Housing sales decrease in May, dashing hopes of quick recovery
Wednesday, June 23, 2010
Sales of previously built homes dropped in May after huge gains the previous two months, a sign that the federal tax credit that helped energize sales at the start of the selling season has sputtered out sooner than expected.
The National Association of Realtors reported Tuesday that sales of existing single-family homes, townhouses, condominiums and cooperatives fell 2.2 percent, to a seasonally adjusted rate of 5.66 million units, in May from April, snapping hopes of a robust housing recovery anytime soon. Analysts surveyed by Bloomberg had expected an increase of 6 percent.
Sales stalled or dropped in most parts of the country even though interest rates and home prices remain relatively low. In the Northeast, sales plunged 18.3 percent after surging in April. They stagnated in the Midwest and South. The only month-over-month gain was in the West, where sales rose 4.9 percent.
"It's a market that's stalling out," said Mike Larson, a housing analyst at Weiss Research. "The extra kick we got this spring from the tax credit is clearly running out of steam."
The housing market's decline dragged down the economy, and its rebound is critical to getting the country back on solid economic footing. Sales figures have been closely watched for that reason, with intense focus on the month-to-month data for signs of the housing market's trajectory.
Starting in early spring, sales activity perked up as buyers rushed to take advantage of the tax credit -- $8,000 for some first-time buyers and $6,500 for certain repeat buyers. To qualify for the credit, consumers had to sign a contract by April 30 and close on it by June 30. The group's report captures only contracts that closed in the month, not the ones that were signed.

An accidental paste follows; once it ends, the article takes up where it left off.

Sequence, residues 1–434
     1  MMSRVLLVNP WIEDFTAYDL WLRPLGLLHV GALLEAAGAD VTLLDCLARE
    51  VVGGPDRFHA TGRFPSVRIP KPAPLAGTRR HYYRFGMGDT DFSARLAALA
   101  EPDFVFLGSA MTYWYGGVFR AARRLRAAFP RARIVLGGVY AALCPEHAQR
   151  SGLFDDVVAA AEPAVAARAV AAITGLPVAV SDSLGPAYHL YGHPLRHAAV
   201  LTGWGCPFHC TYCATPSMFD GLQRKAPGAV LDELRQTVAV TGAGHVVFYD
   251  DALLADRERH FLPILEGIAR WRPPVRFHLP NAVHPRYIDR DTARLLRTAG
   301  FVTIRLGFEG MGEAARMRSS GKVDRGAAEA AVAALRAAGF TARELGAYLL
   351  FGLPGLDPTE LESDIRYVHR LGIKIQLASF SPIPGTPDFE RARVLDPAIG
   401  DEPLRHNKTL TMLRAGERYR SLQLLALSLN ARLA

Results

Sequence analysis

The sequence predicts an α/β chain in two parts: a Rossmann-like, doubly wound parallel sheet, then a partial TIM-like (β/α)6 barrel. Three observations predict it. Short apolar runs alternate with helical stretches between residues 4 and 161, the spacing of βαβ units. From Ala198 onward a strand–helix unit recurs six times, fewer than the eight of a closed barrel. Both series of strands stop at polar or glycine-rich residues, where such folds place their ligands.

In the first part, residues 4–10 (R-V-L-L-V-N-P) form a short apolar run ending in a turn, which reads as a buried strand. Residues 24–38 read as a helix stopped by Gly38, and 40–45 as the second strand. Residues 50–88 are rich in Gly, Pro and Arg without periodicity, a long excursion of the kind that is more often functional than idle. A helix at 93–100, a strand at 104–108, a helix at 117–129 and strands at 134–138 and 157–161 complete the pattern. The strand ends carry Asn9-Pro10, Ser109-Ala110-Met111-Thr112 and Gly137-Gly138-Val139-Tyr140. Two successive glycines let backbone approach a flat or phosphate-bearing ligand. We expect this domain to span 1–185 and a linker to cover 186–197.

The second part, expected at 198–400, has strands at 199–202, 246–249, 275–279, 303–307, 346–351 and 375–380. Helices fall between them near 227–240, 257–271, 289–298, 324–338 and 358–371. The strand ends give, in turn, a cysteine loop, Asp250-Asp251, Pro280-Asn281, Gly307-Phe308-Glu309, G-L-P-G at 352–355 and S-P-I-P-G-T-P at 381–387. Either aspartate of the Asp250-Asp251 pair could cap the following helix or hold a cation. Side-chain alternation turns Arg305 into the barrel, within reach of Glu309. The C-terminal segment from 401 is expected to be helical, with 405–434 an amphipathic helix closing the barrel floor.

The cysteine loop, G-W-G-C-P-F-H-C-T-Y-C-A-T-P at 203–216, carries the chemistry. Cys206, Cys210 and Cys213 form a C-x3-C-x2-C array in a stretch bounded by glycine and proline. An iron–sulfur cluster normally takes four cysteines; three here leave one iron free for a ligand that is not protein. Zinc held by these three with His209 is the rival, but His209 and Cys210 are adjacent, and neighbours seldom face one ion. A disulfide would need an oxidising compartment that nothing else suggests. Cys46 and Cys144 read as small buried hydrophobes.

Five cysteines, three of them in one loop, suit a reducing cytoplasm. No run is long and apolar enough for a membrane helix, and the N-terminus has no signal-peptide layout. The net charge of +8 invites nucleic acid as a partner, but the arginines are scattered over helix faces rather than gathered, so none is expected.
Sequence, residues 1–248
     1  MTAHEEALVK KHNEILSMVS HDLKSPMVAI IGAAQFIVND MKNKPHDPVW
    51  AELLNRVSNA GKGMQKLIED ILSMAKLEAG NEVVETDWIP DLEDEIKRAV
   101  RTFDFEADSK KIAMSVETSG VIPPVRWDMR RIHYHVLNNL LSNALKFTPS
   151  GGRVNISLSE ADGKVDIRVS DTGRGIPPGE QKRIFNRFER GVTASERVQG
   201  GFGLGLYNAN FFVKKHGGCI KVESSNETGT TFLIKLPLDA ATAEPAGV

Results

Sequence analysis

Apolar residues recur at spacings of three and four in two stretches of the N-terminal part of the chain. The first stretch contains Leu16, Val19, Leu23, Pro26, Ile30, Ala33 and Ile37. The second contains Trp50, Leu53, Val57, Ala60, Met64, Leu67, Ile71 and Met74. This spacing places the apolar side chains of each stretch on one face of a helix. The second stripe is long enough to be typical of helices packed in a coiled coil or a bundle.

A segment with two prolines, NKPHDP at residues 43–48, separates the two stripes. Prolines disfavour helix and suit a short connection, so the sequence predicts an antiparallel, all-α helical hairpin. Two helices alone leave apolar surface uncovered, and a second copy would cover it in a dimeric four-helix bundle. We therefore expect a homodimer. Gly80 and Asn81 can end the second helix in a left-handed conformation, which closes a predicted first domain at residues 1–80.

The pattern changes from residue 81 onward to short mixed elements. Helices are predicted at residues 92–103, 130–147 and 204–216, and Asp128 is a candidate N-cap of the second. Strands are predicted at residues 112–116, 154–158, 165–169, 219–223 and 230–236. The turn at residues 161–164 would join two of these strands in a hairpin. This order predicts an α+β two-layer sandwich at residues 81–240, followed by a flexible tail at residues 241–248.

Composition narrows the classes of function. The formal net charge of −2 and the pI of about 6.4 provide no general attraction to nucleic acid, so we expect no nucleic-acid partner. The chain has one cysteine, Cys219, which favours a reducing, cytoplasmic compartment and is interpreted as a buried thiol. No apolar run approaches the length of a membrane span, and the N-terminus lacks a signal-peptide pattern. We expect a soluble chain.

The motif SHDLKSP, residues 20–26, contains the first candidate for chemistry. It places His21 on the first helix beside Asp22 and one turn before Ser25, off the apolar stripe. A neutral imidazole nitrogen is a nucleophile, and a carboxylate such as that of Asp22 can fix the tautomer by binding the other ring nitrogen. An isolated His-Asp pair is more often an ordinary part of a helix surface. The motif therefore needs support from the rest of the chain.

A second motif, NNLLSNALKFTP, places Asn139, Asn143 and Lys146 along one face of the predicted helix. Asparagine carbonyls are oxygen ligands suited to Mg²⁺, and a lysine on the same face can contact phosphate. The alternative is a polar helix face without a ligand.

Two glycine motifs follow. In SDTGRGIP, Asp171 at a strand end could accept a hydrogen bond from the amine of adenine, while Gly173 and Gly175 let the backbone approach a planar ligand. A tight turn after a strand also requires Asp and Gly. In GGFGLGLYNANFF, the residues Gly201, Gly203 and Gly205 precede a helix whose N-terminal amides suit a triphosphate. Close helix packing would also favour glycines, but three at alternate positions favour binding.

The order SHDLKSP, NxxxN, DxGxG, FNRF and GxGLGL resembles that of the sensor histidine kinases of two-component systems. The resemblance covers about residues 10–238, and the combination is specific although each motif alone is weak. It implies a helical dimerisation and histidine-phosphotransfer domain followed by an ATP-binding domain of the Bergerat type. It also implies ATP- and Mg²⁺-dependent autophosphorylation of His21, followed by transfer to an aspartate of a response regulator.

Many analysts had predicted the tax-credit deadlines would entice people into buying homes earlier than they had planned, thereby eating into future sales. But they also had predicted that the tax credit would have a longer-lasting effect, lifting sales through June.
Instead, sales dipped in part because of mortgage processing delays that kept many buyers from closing on their purchases, including problems with appraisals, said Lawrence Yun, chief economist for the Realtors association.
Yun estimates that 180,000 buyers who signed a contract by April 30 will not be able to close by June 30. The industry is supporting a Senate proposal that would extend the closing deadline to Sept. 30.
In the meantime, some consumers who were stymied by delays in May could resolve their issues by June, adding to the June sales figures.
But even getting past the backlog, the May report adds to other disappointing housing-related data. Lumber prices, a good indicator of housing market activity, have been dropping, Larson said. Mortgage applications plunged last week, according to an industry trade group. And confidence among home builders sagged in June, another industry group reported.
There were some bright spots in the May report, especially when compared with conditions a year ago.
Sales jumped 19.2 percent last month compared with May 2009, when the economy was in recession, and rose in every region of the country. In the Washington region, sales were up 12.1 percent last month from a year ago.
May sales also climbed at least 10 percent since the winter months, said Stuart Hoffman, chief economist at PNC Financial Services Group. The elevated sales reflect a pickup in demand, which translated into higher prices, he said.
The Realtors report showed that the national median price for existing homes was $179,600 in May, up 2.7 percent from May 2009. Prices in the Washington area rose 3.8 percent to $330,400 in May from $318,200 a year ago.
The sales of foreclosures and other distressed sales, which tend to push down prices, slipped to 31 percent last month compared with 33 percent in April.